Vanzetta Penn McPherson devoted a 30-year career as a civil rights lawyer and a federal magistrate judge to the passionate pursuit of equal justice for all. Retirement ushered in her avocation, now spanning a decade, as a widely acclaimed columnist for The Montgomery Advertiser, writing bi-weekly commentary on public affairs with the same intellectual vigor, mastery of language, and analytical prowess that marked her legal career.
Judge McPherson was born in Montgomery on May 26, 1947, the second child of educators Luther L. Penn and Sadie Gardner Penn. She attended the Laboratory School of Alabama State College in Montgomery from nursery through high school, graduating in 1965 as valedictorian. In 1969, she graduated with honors from Howard University in Washington DC, and later attended Columbia University in New York City, from which she secured a Master’s Degree in speech pathology in 1971 and a law degree in 1974.
Throughout her matriculating years, from elementary school through law school, Vanzetta McPherson embraced the four cornerstones of the National Honor Society, into which she was inducted at 16: Scholarship, Leadership, Character, and Service. Her parents, both English majors in college, insisted that their children become skilled in oral and written communication, embrace a mind-set for excellence in all pursuits, and adopt an activist stance against discrimination in any form.
After spending a year at a Wall Street law firm, Judge McPherson returned to Montgomery in 1975 to become an Assistant Attorney General. For two years, she represented the State of Alabama in child support enforcement and criminal appeals. Her appearances before the Alabama Supreme Court attracted both law clerks and lawyers interested in learning the craft of oral argument.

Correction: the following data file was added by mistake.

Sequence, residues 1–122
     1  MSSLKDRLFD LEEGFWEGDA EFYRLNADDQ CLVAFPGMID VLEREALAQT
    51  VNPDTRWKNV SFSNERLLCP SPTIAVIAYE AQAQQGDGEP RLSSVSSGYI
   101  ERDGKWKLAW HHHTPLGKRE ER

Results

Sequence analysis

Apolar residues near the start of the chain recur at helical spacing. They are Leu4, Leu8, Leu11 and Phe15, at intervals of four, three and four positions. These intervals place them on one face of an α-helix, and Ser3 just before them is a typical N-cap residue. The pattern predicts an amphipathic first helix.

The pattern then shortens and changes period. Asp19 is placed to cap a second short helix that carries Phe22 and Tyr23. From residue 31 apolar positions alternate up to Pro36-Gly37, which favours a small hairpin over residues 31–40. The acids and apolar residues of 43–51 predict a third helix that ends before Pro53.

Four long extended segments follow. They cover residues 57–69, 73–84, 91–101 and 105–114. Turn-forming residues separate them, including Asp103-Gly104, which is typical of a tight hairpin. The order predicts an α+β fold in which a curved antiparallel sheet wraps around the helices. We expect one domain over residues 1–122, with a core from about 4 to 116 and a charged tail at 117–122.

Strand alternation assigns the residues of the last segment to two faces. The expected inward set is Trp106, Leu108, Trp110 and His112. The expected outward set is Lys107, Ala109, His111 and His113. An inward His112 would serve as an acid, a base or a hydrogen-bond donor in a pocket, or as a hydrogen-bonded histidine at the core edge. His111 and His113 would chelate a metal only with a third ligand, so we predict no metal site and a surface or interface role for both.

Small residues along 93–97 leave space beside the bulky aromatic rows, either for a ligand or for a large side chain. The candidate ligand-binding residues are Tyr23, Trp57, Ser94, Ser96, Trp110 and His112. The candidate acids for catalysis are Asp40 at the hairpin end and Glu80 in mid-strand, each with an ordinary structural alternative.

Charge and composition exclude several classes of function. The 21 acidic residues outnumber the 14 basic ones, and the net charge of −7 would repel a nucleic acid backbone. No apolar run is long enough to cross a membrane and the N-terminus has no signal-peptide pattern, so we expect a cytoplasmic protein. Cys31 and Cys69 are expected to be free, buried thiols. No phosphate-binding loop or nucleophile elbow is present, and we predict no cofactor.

During the course of 16 years in solo law practice, Attorney McPherson honed her expertise in domestic relations law, but she spent the majority of her time in federal court, helping clients to secure rights and remedies guaranteed by the Constitution and federal anti-discrimination laws. As a respected civil rights lawyer, she battled employment discrimination in public and private workplaces. Her most consequential lawsuit, filed in 1987 against Montgomery County, targeted a white Sheriff, in office since 1954, who had promoted only one African American deputy and advanced all other African Americans only to court bailiff or jail duty, while maintaining an openly hostile, racially-abusive environment. Court-ordered remedies extended beyond individual claims to establish non-discriminatory policies and practices which transformed the Sheriff’s Department. Within a decade, black deputies led several divisions, and the current elected sheriff is African American.
McPherson coupled her successful practice with service and leadership in bar associations: she is a former president of the Alabama Black Lawyers Association and the Federal Bar Association’s Montgomery Chapter, and she is a former chair of the Family Law Section of the Alabama State Bar.
In 1992, McPherson earned her own promotion with a merit-based appointment as a U.S. Magistrate Judge for the Middle District of Alabama. She served with distinction for 14 years, presiding over criminal and civil cases, including a nationally publicized challenge to the continued use of outdoor hitching posts as punishment for Alabama prisoners.
Judge McPherson has also led an active civic life, participating in the inaugural class of Leadership Montgomery, the 20th class of Leadership Alabama, and the boards of directors for the Alabama State Council on the Arts, Alabama Shakespeare Festival, Alabama Educational Television Foundation Authority, Southern Poverty Law Center, and the Alabama World Affairs Council. She has received numerous professional and civic awards, and she is a life member of the NAACP and the National Council of Negro Women.
In all of her endeavors, Judge McPherson has been lovingly supported by her devoted husband, Thomas McPherson, Jr., a retired district director of the Equal Employment Opportunity Commission. Judge McPherson has one son, Dr. Raegan W. Durant.